These numbers have human consequences. The Smart Campaign commissioned research in two African countries – Benin and Uganda – which revealed the frequently harsh environment in which microfinance is conducted. In Uganda, research on what happens to clients who default showed that, lacking regulatory oversight and the calming influence of credit reference bureaus, lenders in Uganda feel compelled to resort to practices such as rapid confiscation of a borrower’s assets. They are afraid that if they do not act quickly, the borrower may flee. In the research on client experiences from Benin, clients reported major gaps in trust and transparency. For example, many reported being surprised by fees that were not explained or expected, having no place to turn when problems arose, or being publicly shamed for late payments.
The research pointed to very low trust on both sides between providers and customers. In fact, in Smart Campaign conversations with African microfinance institutions about consumer protection, one of the most frequently asked questions is, “Who will protect us (the lenders) from them (the borrowers)?”
> Posted by the Smart Campaign
What are microfinance clients’ thoughts on fair treatment from financial services providers? We explored this question in the context of Benin in a previous post, spotlighting results from the Smart Campaign’s Client Voices project. Now, let’s turn to another country investigated in the project: Pakistan.
The Client Voices project went directly to current and former microfinance clients and asked them about their experiences with their financial providers as well as their thoughts on what constitutes good and bad treatment. The project included qualitative and quantitative research in four diverse markets: Benin, Pakistan, Georgia, and Peru. Research partner Bankable Frontier Associates (BFA) began its investigation in March 2014. It conducted surveys, focus groups, in-depth discussions, and photo association exercises.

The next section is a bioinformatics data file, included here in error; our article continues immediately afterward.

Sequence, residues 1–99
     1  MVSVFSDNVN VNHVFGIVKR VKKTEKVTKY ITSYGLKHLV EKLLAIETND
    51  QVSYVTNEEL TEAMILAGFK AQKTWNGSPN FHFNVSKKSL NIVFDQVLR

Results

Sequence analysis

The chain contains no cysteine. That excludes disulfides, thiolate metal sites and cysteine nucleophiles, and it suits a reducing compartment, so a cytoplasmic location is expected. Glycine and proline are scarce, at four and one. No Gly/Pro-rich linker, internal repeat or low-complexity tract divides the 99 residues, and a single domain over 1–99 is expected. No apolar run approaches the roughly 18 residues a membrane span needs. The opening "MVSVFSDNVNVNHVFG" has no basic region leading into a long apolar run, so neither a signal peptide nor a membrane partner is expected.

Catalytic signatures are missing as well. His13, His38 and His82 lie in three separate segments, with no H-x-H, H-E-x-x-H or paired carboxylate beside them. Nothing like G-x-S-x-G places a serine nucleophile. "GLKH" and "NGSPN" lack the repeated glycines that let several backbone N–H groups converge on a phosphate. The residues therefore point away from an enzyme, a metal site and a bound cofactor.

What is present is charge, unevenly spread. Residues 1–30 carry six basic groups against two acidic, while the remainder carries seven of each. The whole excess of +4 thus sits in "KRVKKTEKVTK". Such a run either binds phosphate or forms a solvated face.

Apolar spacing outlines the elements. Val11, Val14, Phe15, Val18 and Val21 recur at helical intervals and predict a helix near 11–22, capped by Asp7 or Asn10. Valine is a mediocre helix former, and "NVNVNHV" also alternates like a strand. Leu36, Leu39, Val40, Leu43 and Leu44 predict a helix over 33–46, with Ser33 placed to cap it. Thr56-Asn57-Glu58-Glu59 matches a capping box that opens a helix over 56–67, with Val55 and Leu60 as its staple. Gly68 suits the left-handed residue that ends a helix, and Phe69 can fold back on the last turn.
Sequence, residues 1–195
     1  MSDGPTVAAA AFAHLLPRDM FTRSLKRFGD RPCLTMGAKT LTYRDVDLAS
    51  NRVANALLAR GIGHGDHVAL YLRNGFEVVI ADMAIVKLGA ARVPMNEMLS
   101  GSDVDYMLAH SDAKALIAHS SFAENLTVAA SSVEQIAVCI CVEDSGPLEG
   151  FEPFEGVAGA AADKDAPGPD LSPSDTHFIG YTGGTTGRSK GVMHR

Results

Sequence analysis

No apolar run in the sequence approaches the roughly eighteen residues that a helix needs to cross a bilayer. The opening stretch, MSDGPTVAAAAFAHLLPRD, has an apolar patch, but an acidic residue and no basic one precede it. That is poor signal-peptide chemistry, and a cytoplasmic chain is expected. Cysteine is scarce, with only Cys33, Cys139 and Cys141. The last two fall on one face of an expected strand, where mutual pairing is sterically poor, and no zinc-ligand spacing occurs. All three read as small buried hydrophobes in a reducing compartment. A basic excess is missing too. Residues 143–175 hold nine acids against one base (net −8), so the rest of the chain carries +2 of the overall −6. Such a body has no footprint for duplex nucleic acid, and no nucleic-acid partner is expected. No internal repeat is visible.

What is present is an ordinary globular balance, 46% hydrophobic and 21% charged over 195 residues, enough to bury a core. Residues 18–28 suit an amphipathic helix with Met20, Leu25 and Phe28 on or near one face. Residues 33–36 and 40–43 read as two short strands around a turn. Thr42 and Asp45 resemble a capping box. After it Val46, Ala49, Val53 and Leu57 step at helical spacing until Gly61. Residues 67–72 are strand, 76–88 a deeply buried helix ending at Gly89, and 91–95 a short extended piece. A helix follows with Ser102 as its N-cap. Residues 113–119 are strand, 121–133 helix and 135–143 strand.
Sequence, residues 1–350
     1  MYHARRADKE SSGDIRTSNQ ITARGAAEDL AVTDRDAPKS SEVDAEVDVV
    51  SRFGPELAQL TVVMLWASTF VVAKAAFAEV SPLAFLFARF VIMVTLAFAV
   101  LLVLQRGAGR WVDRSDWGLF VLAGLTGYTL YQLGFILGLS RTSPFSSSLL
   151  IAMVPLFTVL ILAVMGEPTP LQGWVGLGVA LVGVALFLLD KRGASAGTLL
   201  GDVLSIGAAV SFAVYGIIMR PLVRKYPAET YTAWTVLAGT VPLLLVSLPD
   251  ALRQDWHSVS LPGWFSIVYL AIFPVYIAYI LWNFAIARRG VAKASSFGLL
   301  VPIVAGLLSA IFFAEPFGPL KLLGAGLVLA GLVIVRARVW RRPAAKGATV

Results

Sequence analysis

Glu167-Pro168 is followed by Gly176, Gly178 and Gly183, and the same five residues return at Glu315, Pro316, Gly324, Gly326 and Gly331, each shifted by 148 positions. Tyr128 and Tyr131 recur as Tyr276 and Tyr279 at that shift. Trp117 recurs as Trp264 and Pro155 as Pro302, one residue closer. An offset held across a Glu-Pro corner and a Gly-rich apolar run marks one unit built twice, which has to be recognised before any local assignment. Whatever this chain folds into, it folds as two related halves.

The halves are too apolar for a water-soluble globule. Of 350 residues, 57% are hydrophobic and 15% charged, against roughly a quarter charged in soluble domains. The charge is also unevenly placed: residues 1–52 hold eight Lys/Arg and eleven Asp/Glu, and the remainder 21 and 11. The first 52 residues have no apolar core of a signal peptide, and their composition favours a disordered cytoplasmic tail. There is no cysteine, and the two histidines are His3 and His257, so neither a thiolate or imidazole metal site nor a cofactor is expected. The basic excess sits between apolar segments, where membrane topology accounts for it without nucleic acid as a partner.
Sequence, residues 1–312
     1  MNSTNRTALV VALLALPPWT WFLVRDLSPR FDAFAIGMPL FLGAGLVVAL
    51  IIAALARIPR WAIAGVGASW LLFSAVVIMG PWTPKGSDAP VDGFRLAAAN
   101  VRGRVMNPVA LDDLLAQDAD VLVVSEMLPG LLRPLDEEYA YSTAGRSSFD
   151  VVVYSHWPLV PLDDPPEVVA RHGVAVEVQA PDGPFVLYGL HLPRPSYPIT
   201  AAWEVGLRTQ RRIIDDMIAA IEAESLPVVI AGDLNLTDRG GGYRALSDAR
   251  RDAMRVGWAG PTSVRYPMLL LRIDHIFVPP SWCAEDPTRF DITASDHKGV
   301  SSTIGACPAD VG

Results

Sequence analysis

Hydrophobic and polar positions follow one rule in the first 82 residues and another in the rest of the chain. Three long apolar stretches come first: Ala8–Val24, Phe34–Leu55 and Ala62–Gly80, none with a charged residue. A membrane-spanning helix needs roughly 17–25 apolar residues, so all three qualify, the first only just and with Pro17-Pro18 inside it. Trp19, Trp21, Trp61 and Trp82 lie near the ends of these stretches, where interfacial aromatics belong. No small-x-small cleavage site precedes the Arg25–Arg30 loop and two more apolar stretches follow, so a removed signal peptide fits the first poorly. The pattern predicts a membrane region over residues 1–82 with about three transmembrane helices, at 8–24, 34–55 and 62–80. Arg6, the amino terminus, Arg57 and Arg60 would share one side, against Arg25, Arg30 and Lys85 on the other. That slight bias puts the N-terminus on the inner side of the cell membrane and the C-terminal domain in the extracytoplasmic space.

So, what did we find in Pakistan?
Clients report satisfaction with financial providers, but do not have long-term relationships with them. In Pakistan, a country with a relatively advanced client protection environment, 85 percent of clients reported that they are either very or somewhat satisfied in their borrowing and savings experiences. In fact, only 5 percent of clients reported experiencing a consumer protection problem. (This compares to roughly 13 percent of clients in Benin.) However, clients in Pakistan usually only stay with their provider for a short period. On average, the studied clients had been borrowing with their current provider for just one year. Our research suggests that MFIs are weak at fostering long-term relationships with their clients compared to the other institutions, like savings groups, NGOs, and private schools. When asked about the future, clients indicated they’d rather start fresh with a new provider or discontinue borrowing altogether. Reasons cited included rigid repayment structures, lack of respect/empathy from loan officers, and being publicly disparaged in front of their neighbors.
Next week, CFI will launch the first-ever FI2020 Week. From November 2-6, 2015, over 25 partners across the globe will organize conversations exploring the most important steps to achieving financial inclusion.